As a Vietnam vet, I honor all uniformed soldiers who die or are wounded in the service of their country (note the word uniformed). Regardless of the war, soldiers do their duty and they should always receive respect, not something my generation received in the 1960s when we came home after our tour in the war zone. SALUTE !!!
18:08 April 15, 2010 by AirForceGuy
You have said it perfectly, 'twisted'. (I was 'there' with you... in the 60's and 70's)
18:54 April 15, 2010 by wenddiver
God Bless their Efforts on behalf of Free Men and Women everywhere.

Somebody needs to get these men some gun tubs and splash shields for that top position on the vehiclen (Helmets gang, there are too many pictures in the Local of Paratroopers without protective gear on). If there is a Mechanized Unit nearby they could fabricate the splash shields fairly easily in their shops.

God bless all the Americans, Brits, Germans, Poles, Ukranians, Latvians, Gurkas, Pakistanis, Afgans, Swedes, etc., etc. fighting this vile threat to the Freedoom of mankind. Give them whatever they need and always respect them.

You guys still need to set up a method of sending them stuff from the people back home and taking care of their families.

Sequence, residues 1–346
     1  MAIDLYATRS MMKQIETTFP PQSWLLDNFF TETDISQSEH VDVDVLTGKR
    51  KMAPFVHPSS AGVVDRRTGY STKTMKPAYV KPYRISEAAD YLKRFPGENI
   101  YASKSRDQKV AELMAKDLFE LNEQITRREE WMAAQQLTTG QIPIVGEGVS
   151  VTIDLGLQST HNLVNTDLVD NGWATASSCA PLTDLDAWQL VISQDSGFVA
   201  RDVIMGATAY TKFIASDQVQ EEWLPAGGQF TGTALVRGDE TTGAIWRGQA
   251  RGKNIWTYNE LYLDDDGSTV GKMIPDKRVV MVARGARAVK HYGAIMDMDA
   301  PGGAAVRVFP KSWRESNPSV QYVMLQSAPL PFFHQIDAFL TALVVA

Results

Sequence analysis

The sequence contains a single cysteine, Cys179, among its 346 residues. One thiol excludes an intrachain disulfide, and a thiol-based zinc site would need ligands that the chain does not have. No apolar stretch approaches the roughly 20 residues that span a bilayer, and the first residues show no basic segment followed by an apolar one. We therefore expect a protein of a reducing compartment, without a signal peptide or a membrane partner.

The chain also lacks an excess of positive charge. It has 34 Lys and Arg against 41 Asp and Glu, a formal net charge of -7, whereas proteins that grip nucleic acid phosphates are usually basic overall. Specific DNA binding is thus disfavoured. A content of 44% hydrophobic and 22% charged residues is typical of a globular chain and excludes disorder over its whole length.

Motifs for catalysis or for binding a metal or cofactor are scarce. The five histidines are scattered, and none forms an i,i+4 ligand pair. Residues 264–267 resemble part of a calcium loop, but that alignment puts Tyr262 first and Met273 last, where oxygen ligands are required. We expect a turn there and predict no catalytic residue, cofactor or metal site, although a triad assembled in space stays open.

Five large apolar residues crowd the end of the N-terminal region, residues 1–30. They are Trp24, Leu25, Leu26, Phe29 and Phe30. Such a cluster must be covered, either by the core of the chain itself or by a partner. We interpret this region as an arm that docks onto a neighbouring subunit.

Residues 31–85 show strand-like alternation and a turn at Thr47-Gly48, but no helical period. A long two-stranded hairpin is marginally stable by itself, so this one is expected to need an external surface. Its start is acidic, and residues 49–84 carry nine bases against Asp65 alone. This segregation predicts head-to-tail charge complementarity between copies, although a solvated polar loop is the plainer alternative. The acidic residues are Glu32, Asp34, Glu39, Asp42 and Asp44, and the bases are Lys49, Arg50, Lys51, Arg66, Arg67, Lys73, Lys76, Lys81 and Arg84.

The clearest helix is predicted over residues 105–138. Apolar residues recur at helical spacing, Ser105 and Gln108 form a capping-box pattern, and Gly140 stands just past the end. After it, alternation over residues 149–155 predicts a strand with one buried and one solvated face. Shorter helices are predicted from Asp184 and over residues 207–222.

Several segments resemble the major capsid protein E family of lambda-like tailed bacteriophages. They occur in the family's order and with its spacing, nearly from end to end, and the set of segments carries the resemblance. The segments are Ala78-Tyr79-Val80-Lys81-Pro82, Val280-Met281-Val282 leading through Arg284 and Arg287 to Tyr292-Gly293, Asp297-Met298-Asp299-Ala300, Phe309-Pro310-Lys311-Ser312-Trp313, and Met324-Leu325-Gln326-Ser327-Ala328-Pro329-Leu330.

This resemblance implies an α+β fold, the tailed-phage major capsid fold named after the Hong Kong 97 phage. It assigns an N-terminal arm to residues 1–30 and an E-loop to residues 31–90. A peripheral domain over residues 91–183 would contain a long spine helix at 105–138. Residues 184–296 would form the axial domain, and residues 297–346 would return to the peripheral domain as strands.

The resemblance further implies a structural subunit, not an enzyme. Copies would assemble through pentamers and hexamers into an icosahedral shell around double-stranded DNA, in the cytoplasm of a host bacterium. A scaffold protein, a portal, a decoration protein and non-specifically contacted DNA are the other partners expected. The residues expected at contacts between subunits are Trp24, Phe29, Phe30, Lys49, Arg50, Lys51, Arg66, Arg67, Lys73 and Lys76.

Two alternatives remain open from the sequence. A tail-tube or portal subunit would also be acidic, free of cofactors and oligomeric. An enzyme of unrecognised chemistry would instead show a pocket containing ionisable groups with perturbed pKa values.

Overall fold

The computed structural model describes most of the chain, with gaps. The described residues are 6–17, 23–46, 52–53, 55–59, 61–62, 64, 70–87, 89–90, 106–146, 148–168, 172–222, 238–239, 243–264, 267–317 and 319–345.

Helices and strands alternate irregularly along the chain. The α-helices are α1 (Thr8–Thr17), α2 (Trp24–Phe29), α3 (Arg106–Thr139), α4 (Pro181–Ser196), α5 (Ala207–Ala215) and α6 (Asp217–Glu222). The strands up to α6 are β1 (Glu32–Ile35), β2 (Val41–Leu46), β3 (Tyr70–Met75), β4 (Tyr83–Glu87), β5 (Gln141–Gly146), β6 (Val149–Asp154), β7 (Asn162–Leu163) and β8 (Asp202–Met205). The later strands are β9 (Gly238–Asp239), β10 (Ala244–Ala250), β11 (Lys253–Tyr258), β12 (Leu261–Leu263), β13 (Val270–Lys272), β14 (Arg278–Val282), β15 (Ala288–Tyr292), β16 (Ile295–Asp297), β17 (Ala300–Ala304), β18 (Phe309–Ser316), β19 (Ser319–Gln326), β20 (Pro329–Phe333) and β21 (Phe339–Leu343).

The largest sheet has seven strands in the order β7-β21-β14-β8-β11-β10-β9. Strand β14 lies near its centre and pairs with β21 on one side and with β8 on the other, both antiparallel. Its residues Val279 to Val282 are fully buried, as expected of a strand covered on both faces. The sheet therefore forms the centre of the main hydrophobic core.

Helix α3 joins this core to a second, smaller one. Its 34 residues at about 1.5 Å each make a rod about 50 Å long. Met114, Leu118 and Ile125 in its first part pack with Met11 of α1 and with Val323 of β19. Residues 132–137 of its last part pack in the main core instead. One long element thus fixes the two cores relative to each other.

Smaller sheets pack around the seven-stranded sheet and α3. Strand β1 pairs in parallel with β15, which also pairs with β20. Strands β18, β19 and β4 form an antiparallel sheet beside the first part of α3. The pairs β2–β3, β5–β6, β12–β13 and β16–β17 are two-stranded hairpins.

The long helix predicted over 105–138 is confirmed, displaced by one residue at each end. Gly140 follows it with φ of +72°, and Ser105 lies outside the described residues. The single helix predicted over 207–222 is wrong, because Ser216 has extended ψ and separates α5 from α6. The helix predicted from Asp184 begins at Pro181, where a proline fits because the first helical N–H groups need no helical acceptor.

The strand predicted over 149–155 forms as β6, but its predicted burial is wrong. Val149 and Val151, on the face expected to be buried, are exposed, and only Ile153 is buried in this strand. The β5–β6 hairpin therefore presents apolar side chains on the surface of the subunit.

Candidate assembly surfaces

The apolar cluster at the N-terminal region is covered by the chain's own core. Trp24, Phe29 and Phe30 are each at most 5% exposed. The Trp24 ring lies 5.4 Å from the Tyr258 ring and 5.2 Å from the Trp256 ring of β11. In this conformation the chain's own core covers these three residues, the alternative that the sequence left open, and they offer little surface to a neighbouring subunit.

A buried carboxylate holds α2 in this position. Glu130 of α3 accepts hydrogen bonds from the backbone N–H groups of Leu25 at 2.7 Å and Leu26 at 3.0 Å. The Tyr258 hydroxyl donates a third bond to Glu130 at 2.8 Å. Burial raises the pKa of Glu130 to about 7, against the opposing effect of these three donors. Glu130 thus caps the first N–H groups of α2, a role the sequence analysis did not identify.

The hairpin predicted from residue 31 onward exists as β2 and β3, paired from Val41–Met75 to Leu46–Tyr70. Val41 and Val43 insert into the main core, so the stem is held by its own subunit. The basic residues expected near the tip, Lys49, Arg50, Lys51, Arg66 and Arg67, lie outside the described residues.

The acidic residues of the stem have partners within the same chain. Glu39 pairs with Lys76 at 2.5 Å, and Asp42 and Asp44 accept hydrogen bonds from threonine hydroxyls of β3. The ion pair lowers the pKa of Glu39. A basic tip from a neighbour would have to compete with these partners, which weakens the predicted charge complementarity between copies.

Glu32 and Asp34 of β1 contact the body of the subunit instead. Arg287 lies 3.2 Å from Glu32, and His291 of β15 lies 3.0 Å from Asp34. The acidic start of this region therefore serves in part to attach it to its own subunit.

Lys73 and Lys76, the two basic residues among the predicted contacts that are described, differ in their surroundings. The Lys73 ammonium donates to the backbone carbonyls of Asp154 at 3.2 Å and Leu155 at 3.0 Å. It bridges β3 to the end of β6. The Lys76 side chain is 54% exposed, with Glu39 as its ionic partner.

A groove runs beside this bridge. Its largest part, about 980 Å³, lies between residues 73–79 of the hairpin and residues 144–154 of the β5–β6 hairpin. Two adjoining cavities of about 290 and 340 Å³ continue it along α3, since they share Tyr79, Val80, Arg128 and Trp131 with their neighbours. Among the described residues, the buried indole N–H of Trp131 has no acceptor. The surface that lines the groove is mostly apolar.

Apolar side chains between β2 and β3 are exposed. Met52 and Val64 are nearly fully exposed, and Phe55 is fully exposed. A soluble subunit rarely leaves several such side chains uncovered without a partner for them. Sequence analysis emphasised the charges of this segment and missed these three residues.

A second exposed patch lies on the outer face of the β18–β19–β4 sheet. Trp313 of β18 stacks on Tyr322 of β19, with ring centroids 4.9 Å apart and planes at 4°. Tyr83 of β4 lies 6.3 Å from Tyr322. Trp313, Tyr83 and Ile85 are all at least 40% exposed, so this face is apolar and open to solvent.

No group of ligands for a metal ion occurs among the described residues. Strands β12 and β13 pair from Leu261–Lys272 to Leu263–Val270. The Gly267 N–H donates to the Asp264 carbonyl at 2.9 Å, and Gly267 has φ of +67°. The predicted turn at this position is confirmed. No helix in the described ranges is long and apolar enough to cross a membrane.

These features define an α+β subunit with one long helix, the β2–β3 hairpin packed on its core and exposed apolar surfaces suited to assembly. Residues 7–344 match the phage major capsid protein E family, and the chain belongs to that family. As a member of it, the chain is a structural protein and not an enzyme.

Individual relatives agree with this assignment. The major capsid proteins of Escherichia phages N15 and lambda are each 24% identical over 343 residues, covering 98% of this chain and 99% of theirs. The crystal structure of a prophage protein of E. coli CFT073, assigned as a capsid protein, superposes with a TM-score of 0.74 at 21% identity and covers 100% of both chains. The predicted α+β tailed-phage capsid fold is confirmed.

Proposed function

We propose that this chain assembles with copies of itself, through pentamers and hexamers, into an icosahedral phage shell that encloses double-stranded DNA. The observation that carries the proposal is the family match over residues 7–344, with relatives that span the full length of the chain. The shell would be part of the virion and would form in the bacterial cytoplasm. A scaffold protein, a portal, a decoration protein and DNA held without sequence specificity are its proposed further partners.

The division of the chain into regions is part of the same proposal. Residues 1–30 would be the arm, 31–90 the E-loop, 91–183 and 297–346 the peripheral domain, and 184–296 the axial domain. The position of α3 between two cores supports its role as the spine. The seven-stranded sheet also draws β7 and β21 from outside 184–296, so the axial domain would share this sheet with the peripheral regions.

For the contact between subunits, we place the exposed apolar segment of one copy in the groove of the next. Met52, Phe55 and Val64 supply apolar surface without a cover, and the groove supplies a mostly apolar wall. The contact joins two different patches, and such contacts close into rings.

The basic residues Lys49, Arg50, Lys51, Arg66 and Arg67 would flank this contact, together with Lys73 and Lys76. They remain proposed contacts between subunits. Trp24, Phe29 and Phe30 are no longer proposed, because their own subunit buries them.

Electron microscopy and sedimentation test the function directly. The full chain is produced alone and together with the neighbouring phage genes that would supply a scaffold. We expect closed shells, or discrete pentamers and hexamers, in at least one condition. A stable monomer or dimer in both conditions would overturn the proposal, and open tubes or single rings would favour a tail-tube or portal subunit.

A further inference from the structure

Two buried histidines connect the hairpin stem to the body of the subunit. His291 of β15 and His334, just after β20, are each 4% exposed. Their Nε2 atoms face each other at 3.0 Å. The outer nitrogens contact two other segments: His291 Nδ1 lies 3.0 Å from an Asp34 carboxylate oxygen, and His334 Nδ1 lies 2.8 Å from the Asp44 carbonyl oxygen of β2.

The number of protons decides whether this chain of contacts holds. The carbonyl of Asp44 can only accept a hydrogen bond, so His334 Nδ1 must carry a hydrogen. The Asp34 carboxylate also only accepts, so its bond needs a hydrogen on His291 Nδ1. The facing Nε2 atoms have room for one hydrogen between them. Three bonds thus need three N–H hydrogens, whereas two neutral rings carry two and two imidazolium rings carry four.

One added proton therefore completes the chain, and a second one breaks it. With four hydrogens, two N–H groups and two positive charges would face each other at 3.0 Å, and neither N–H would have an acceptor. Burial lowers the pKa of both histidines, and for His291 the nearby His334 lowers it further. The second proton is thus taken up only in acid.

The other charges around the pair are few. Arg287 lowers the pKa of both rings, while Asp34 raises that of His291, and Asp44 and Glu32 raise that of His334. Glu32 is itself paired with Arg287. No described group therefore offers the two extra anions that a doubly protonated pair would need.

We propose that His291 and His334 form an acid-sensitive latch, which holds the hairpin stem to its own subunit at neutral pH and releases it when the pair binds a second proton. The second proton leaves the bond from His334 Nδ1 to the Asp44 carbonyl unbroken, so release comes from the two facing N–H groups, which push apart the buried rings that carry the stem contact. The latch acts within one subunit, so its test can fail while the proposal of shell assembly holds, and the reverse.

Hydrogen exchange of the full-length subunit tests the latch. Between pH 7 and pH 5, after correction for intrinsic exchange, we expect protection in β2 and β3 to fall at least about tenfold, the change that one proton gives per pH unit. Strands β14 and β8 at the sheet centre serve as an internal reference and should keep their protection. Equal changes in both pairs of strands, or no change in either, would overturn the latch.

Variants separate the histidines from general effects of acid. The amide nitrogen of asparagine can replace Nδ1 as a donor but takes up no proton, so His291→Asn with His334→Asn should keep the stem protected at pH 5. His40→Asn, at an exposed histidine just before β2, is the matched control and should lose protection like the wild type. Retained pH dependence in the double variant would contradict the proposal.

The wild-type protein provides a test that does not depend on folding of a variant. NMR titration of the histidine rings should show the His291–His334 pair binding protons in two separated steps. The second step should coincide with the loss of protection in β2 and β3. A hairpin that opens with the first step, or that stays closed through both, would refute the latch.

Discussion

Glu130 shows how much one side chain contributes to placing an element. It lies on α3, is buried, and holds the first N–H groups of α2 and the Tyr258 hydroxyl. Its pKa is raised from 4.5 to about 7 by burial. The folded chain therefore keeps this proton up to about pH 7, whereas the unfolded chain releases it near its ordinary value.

20:09 April 15, 2010 by Der Grenadier aus Aachen
I can't confirm it yet, but based on their positoning, these troops are probably from FmBtl 610 Prenzlau. This is a communications battalion part of the Multinational Corps North-East. They are in the Multinational Corps with the 13th Panzergrenadier Division.

FmBtl 610 most likely does not have any heavy force composition, but the 13th Pzg should have at least two mixed brigades, and thereby at least two battalions of Leopard 2 main battle tanks.

I don't see any organic artillery units with the 13th, but I imagine the rest of the multinational corps might have some. In any case, they should have more than enough firepower to competently respond to this outrage.
22:42 April 15, 2010 by Logic Guy
Well, I agree, must do all what we can to support all NATO troups while they are there, regardless of political views.